- Posted by admin
- On 10th September 2018
Dementia Adventure at the Alzheimer’s Show and Beyond
We had a chat with Simon Thorp of national dementia charity – Dementia Adventure– about their ethos, their plans for the future, and what they get out of regularly attending the Alzheimer’s Show.
Dementia Adventure is a charity dedicated to helping people living with dementia retain their connection with the outdoor world and the community at large. Many people with Dementia (Alzheimer’s and similar conditions) can end up quite isolated and inactive – when the evidence suggests that remaining active and engaged with the world around us is beneficial for quality of life.
This is the fundamental ethos behind everything the charity does – helping to keep people with dementia living as full a life as they can for as long as possible.
There are 2 main areas that Dementia Adventure cover:
i) Support for other Organisations and Family Carers – through training and consultancy.
ii) Designing and Delivering Holidays – that are specifically-aimed at providing people with dementia an opportunity to enjoy a break away from their usual environment.
Thinking Differently About Dementia
The training and consultancy that Simon’s team provides is based on a framework known as ‘Thinking differently about dementia’ – which provides a set of practical and inspirational tools to help support people living with dementia.
Everything the organisation tries to help facilitate is based on the fundamental principal of ‘risk and reward’ – whereby they encourage the people offering support to assess whether the rewards of the activity are worth the inherent risks for people with dementia.
This balanced approach to risk stems from the idea that risks can be reduced through adequate planning. Plus the belief that the benefits of, for example, getting out into the open versus sitting in a chair all day, are much greater than the potential negative effects that could occur due to any of the risks involved.
Some of the main types or group that Simon and the team work with are “green space” and “blue space” organisations. (Such as social farms, gardens and parks for “green space” or coastal and river based organisations for “blue space”).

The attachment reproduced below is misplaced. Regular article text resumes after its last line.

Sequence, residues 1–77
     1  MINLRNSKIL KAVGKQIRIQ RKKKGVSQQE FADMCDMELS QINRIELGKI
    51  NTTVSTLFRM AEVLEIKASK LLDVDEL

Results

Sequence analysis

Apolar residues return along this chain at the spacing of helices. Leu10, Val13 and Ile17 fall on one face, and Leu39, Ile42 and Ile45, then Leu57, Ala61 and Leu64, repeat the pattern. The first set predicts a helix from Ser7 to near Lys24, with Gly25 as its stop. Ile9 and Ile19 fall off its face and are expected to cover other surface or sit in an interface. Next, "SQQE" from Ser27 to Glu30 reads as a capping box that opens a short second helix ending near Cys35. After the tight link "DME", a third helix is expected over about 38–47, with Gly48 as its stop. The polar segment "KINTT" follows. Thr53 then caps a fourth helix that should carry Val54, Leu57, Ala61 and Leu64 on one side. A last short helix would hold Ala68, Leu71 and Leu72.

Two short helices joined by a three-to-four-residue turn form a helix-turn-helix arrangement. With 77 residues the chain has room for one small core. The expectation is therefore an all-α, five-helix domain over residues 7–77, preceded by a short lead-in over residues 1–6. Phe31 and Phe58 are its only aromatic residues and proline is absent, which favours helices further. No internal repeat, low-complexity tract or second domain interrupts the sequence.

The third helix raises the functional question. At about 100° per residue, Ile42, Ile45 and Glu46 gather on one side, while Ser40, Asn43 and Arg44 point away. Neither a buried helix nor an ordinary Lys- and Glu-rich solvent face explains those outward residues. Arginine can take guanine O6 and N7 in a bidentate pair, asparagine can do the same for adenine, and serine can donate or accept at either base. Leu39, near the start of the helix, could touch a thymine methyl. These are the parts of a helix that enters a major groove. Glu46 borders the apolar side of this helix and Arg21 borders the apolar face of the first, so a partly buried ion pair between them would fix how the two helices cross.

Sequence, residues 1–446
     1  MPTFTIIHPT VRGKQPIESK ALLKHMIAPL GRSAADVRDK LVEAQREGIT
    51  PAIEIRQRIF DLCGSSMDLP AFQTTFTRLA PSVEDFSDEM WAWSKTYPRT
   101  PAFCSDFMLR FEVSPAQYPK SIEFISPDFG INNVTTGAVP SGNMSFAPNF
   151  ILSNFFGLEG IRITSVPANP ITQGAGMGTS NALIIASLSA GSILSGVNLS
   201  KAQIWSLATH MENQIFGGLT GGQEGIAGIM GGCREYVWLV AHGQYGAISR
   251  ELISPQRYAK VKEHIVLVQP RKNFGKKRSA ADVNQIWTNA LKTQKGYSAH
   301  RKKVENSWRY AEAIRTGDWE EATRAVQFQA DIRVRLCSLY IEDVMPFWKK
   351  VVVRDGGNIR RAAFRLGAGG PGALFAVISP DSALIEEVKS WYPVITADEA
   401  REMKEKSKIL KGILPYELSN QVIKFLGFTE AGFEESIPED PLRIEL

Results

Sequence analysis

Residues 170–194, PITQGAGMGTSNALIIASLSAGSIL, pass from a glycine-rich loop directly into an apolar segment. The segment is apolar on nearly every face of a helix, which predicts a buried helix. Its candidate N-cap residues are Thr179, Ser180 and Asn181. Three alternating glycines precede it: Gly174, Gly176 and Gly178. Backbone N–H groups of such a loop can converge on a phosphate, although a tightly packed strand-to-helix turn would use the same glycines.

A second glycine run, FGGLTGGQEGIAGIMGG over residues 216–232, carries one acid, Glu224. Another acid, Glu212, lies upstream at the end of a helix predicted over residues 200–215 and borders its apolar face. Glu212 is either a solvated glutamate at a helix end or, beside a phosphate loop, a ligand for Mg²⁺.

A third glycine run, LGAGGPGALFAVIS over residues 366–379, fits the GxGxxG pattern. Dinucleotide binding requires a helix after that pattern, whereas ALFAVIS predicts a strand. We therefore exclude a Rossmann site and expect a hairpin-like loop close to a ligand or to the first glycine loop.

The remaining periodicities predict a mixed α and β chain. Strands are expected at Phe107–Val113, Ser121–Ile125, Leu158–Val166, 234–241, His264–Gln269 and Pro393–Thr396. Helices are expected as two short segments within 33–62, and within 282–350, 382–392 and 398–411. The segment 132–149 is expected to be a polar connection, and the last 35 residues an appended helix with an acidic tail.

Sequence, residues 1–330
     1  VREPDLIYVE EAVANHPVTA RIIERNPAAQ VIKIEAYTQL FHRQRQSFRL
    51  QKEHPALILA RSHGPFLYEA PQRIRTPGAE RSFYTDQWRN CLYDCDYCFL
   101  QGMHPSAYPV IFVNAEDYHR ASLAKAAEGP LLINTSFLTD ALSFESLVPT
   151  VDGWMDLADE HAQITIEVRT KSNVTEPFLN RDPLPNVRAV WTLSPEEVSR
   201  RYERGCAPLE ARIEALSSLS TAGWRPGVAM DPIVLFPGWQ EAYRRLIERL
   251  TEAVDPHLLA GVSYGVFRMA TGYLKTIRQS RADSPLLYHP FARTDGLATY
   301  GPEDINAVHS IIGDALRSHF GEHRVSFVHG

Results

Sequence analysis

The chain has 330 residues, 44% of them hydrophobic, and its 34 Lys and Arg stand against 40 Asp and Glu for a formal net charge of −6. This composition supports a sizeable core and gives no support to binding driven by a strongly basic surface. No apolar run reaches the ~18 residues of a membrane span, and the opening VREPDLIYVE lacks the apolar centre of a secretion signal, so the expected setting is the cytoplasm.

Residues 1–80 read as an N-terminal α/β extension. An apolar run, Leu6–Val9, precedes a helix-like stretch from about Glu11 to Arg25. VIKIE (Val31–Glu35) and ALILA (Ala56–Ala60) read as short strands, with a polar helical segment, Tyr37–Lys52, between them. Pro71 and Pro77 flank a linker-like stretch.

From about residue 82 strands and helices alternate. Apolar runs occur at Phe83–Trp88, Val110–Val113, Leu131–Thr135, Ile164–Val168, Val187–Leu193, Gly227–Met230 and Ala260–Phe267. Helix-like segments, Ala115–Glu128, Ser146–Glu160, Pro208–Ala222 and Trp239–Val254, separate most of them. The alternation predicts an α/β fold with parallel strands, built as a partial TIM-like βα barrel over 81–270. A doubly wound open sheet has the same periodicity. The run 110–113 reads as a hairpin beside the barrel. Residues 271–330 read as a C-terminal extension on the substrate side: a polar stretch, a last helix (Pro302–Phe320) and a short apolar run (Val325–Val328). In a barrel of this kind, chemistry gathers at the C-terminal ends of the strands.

The idea is to encourage people with dementia to get outside.
Providing holidays for people with dementia is the area that Dementia Adventure are most well-known for. Their range of bespoke, small group vacations are based on providing a high level of support for attendees so that everyone gets the most out of the experience.
Generally there might be 3 or 4 couples (the person with dementia plus their family member / carer / friend), supported and assisted by the group team leader and 3 or 4 helpers. Most often, the holidays have been in the UK and last up to around 5 days – though following several requests from previous attendees, there are now international trips, with Portugal being a particular favourite destination.
A Dementia Adventure can for some be as small as bringing the outdoors indoors through a sensory nature box, or by crossing the threshhold of a care home and spending time in the garden. Or taking part in a park walk. Living up to the word ‘adventure’ in their name, some of the perhaps unexpectedly-energetic activities the team have organised in the past have included walking in the Lake District, attending gardens in the Isle of Wight and even whitewater rafting and a zipwire experience in Scotland!
With this kind of activity, it’s no surprise that the holidays tend to attract people who’ve always been active and outdoorsy types – though Simon assured us this is not an essential requirement, based on some of the people who’ve enjoyed previous holidays.
Dementia Adventure have attended several shows now and have already booked their place for next year’s show. Their main criteria for evaluating whether a promotional activity is worth doing is whether it delivers a Return On Investment – which is why they’re more than happy to continue their association with the Alzheimer’s Show.
As well as the stand where they can promote their services and holidays, the networking opportunity with the other exhibitors and attendees has always proven very useful for furthering the charity’s long term aims – with new connections made, services promoted, holidays booked and volunteers recruited as a result of every show.
Simon and the team are looking to work with an increasing number of partner organisations around the world – with ‘Dementia Adventure in a Box’ being a kind of social franchising model they’re keen to develop and roll out further.
They’re also always on the look out for more volunteers and fundraising assistance, as well as getting involved with research projects (both operational and academic) to further reinforce the principles their strategy is based on.
On top of this, they’ll be adding to the range and type of holidays they offer in the UK and overseas.